Britain has an impressive defence industry which a Conservative government should be keen to nurture. For over a century the UK has been a world leader in aerospace and continue to hold that position today through companies like BAE Systems and Rolls-Royce but sustained by a broad and innovative SME sector. We are the second largest exporter of defence equipment, after the United States, which not only earns us annual revenues of around £15 billion but enables us to offer tangible support to our friends and allies.

“Buying off the shelf” in reality means buying from the US which is our closest military ally but a formidable competitor in the defence market which has in the past blocked UK military exports containing US components through its application of ITAR (International Trading in Armaments Regulations) restrictions.

As Labour Lord Drayson’s 2005 Defence Industrial Strategy stated, the loss of sovereign capability leads inevitably to loss of operational sovereignty, to which add the loss of those defence exports. The UK is an equity partner in the F-35 Joint Strike Fighter programme, yet the US continues to deny us access to the computer source codes.

Fortunately, the UK has recognised the danger. The Tempest aircraft programme, which is ITAR-free, will deliver a sixth generation optionally manned capability, exploiting new disruptive technologies essential to tomorrow’s battle-winning capability.

It is led by BAE Systems and Rolls-Royce, supported by Thales UK, Leonardo and missile manufacturer MBDA together with around 600 UK SMEs and institutions. It will generate valuable, new UK technology and employ tens of thousands of skilled people, many in the North of England and Scotland. It is a statement of national intent which also makes economic sense.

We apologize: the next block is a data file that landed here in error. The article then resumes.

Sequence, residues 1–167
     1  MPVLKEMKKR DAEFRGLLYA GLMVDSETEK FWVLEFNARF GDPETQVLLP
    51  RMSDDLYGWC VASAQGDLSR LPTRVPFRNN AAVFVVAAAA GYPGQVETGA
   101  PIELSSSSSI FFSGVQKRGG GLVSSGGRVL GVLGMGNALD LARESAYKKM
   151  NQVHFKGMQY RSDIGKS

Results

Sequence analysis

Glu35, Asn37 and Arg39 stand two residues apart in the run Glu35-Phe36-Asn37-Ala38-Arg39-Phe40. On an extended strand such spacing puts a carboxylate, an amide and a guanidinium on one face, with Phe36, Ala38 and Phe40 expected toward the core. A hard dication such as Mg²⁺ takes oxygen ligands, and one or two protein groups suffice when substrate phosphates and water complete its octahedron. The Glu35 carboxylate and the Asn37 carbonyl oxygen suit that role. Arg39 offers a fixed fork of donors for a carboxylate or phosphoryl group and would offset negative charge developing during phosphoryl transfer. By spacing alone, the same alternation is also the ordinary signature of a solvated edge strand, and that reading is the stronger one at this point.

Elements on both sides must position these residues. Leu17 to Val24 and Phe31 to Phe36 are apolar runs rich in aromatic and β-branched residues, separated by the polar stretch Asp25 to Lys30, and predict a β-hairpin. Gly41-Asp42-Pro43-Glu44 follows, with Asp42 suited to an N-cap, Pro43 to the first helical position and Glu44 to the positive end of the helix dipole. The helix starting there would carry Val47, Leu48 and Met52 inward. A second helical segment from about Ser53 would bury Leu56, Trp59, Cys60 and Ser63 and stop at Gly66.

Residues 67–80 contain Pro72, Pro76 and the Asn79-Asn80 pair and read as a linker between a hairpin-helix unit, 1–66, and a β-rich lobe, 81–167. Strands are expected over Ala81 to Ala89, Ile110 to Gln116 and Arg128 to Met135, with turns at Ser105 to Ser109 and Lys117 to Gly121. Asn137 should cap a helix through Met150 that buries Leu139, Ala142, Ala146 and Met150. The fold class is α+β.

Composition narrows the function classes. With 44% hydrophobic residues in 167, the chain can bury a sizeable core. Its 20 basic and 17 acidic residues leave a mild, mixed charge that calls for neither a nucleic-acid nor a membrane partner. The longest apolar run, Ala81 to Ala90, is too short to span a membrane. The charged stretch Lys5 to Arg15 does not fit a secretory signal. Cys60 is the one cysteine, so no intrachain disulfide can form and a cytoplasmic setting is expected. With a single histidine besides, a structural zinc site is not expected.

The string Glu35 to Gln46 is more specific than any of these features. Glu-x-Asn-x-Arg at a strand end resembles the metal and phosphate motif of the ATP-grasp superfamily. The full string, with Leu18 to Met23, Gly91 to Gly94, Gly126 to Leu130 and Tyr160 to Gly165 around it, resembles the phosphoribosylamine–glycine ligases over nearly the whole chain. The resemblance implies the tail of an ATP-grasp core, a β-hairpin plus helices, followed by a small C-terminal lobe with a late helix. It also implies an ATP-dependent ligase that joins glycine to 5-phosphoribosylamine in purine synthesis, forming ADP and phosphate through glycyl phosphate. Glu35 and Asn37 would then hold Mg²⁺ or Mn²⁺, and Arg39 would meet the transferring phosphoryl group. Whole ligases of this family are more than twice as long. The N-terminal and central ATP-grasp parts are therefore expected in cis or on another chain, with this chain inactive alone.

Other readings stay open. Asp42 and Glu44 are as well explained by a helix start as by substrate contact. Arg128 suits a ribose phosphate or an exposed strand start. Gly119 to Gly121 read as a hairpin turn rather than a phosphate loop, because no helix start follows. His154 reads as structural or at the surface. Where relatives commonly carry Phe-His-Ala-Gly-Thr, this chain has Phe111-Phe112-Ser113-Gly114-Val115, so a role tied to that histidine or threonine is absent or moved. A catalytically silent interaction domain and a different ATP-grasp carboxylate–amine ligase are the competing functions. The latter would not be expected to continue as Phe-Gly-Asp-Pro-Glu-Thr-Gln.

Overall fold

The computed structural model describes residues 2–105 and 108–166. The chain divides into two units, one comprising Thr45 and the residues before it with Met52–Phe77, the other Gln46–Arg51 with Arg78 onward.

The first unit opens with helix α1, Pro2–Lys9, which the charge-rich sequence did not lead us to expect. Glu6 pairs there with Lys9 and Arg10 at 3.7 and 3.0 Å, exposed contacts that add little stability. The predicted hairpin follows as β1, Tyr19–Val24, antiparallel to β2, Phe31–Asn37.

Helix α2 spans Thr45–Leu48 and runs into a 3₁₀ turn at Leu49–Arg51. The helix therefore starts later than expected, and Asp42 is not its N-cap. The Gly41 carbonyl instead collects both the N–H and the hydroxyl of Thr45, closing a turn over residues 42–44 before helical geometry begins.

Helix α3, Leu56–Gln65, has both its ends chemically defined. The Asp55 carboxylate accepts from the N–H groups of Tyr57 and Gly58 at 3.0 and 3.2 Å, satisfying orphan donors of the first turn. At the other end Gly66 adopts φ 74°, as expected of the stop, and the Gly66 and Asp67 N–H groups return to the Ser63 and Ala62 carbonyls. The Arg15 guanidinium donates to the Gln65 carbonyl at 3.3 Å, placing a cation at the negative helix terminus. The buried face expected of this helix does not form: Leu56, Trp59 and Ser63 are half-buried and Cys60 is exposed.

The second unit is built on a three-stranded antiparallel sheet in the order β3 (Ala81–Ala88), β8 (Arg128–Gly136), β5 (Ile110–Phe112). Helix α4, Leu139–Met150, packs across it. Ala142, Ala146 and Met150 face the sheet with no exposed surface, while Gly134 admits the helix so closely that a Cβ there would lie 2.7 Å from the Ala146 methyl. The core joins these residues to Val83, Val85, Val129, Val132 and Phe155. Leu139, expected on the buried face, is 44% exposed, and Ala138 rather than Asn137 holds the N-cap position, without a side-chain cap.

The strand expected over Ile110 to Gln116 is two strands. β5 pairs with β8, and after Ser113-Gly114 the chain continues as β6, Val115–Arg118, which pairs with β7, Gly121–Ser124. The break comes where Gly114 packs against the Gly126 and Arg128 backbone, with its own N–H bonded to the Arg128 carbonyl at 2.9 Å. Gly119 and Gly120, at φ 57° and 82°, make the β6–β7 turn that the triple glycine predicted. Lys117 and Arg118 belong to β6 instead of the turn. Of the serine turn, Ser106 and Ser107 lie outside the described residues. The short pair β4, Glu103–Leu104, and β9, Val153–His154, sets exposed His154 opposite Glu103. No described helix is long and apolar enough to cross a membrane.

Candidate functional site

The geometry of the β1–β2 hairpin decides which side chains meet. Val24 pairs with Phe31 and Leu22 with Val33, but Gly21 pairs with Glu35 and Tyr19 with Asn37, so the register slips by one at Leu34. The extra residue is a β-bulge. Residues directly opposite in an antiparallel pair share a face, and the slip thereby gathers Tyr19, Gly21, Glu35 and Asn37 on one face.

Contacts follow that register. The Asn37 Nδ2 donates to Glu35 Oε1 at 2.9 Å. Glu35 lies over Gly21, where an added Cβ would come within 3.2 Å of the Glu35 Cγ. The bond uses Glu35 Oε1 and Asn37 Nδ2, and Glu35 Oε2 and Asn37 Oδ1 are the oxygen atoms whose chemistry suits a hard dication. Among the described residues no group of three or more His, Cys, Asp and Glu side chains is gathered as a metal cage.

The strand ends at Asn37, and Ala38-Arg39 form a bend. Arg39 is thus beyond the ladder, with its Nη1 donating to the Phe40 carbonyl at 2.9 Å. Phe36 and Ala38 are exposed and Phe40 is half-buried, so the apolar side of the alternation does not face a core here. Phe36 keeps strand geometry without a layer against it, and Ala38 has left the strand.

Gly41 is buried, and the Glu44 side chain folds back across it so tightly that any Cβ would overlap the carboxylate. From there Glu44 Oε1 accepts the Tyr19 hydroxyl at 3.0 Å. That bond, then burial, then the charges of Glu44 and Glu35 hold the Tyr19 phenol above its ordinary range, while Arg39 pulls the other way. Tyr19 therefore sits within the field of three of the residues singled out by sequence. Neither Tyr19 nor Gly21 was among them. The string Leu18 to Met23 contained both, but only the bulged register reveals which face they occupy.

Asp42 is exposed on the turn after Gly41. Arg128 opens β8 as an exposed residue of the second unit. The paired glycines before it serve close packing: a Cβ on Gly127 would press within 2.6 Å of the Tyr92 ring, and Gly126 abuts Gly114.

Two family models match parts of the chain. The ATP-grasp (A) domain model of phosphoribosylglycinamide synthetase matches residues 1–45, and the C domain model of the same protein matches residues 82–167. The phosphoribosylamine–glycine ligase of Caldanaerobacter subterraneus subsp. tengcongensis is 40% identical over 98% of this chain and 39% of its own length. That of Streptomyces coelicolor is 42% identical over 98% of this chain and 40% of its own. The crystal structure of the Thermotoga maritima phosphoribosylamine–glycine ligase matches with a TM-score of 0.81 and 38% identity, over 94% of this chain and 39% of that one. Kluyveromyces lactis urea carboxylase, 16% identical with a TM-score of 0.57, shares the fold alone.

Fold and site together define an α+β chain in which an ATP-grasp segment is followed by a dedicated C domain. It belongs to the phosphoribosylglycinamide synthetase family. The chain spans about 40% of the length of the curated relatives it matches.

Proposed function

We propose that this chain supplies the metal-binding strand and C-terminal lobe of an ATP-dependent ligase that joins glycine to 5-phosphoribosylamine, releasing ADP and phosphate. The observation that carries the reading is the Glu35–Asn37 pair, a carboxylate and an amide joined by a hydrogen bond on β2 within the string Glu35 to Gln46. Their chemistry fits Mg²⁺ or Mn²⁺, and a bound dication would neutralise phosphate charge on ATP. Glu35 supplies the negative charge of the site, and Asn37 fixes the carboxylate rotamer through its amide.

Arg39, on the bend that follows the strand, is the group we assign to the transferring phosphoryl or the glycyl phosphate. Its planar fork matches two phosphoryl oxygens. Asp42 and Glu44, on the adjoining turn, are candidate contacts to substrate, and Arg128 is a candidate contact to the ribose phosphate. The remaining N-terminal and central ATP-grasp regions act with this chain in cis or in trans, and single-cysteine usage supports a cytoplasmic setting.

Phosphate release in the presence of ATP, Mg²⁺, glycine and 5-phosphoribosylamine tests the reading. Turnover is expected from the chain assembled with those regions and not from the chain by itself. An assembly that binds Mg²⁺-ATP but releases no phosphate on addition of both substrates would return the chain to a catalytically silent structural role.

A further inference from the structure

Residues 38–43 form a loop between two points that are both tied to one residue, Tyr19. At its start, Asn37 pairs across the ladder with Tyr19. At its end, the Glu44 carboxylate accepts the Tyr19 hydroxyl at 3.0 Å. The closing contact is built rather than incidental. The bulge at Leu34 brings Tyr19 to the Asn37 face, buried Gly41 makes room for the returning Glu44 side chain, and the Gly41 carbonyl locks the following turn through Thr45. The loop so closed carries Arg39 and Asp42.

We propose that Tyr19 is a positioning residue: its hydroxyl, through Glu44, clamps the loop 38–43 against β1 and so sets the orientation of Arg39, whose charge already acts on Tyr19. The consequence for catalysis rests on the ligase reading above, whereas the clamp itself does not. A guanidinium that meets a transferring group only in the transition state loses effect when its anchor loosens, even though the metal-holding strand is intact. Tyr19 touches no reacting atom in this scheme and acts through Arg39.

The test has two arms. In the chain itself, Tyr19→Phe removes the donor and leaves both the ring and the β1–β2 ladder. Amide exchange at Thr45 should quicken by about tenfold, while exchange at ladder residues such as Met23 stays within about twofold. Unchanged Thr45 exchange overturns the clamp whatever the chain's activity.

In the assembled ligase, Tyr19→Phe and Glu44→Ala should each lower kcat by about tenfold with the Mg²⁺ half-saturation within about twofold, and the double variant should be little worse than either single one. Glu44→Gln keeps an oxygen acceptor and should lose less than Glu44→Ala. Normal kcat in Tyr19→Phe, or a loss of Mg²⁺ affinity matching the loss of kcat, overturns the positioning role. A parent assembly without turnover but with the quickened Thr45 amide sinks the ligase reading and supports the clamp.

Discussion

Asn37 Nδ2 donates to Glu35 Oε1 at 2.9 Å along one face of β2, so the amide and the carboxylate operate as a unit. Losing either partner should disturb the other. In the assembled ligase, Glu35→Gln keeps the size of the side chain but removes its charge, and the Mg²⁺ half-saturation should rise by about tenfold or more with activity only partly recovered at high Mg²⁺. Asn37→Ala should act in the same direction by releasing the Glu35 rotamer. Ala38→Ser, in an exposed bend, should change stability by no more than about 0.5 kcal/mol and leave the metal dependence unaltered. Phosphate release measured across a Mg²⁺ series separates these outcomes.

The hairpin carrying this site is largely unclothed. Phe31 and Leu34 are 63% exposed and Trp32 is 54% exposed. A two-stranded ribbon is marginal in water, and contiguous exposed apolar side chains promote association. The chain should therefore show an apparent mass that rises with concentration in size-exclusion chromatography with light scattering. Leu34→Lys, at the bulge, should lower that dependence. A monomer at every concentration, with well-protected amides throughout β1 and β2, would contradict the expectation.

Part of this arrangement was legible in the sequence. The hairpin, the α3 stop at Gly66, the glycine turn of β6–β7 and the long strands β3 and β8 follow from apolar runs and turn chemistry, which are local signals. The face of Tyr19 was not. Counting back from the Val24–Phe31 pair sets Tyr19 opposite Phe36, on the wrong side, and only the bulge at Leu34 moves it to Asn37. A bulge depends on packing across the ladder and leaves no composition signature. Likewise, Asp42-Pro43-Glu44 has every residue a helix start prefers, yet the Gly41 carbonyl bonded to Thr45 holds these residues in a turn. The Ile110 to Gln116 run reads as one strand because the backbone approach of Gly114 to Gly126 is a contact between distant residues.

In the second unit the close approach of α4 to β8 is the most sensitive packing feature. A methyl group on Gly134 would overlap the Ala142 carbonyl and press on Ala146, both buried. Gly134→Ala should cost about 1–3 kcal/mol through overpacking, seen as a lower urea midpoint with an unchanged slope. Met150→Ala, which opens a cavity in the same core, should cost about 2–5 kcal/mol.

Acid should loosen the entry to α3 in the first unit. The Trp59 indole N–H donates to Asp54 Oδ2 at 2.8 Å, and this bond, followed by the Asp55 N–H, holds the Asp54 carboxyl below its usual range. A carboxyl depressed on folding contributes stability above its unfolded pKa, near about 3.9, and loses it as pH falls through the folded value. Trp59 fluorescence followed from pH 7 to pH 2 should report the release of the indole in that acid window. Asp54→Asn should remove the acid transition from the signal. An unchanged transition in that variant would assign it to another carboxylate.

The special challenge today is how to maintain effective conventional forces (we cannot expose ourselves to the risk of being outmanoeuvred as a result of having neglected those forces) whilst also developing tomorrow’s technology. You do not win wars using old equipment so investing in future technology like cyber and AI is essential. Funding for defence research has endured a persistent decline in the last two decades; that must change.

[Through no fault of its own, apart from our excellent Defence Secretary Ben Wallace, this Government lacks senior ministers with knowledge of, or experience in, the military. This review must not be rushed and expert advice should be sought and heeded.]

Inevitably, Covid-19 has thrown government financial planning into chaos. Nevertheless, it would be folly, and damaging to the PM’s critical post-Brexit vision for the United Kingdom, if he fails to acknowledge the long-term requirements of Her Majesty’s Armed Forces.

Abandoning the three-year Comprehensive Spending Review will cause major problems for the MoD which manages an equipment programme stretching over several years. For example, the Tempest programme requires multi-year funding to maintain the confidence of our international partners that the UK remains committed to Tempest. It will also ensure the UK remains ahead of competitor programmes.

Conservatives hold that the first duty of government is defence of the Realm. Money has rightly been found to deal with the pandemic; it now needs to be found to ensure our national security and give credibility to that post-Brexit vision.